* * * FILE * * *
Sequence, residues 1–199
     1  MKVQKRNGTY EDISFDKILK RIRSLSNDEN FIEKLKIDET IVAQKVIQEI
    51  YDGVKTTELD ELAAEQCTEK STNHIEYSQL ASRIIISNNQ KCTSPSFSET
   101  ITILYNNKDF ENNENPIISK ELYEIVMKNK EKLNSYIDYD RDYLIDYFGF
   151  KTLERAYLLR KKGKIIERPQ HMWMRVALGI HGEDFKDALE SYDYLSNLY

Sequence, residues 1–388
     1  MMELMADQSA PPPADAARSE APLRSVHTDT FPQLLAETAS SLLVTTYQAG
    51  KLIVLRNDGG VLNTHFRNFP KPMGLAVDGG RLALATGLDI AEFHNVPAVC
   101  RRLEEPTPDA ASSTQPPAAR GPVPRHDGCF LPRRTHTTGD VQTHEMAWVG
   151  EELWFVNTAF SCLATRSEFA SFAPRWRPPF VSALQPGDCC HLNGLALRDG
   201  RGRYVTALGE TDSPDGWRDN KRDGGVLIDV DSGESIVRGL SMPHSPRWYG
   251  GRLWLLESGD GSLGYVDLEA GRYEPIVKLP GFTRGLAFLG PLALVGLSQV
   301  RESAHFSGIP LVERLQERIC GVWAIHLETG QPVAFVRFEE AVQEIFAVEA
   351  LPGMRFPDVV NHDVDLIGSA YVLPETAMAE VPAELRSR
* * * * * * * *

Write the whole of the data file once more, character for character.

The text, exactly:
Sequence, residues 1–199
     1  MKVQKRNGTY EDISFDKILK RIRSLSNDEN FIEKLKIDET IVAQKVIQEI
    51  YDGVKTTELD ELAAEQCTEK STNHIEYSQL ASRIIISNNQ KCTSPSFSET
   101  ITILYNNKDF ENNENPIISK ELYEIVMKNK EKLNSYIDYD RDYLIDYFGF
   151  KTLERAYLLR KKGKIIERPQ HMWMRVALGI HGEDFKDALE SYDYLSNLY

Sequence, residues 1–388
     1  MMELMADQSA PPPADAARSE APLRSVHTDT FPQLLAETAS SLLVTTYQAG
    51  KLIVLRNDGG VLNTHFRNFP KPMGLAVDGG RLALATGLDI AEFHNVPAVC
   101  RRLEEPTPDA ASSTQPPAAR GPVPRHDGCF LPRRTHTTGD VQTHEMAWVG
   151  EELWFVNTAF SCLATRSEFA SFAPRWRPPF VSALQPGDCC HLNGLALRDG
   201  RGRYVTALGE TDSPDGWRDN KRDGGVLIDV DSGESIVRGL SMPHSPRWYG
   251  GRLWLLESGD GSLGYVDLEA GRYEPIVKLP GFTRGLAFLG PLALVGLSQV
   301  RESAHFSGIP LVERLQERIC GVWAIHLETG QPVAFVRFEE AVQEIFAVEA
   351  LPGMRFPDVV NHDVDLIGSA YVLPETAMAE VPAELRSR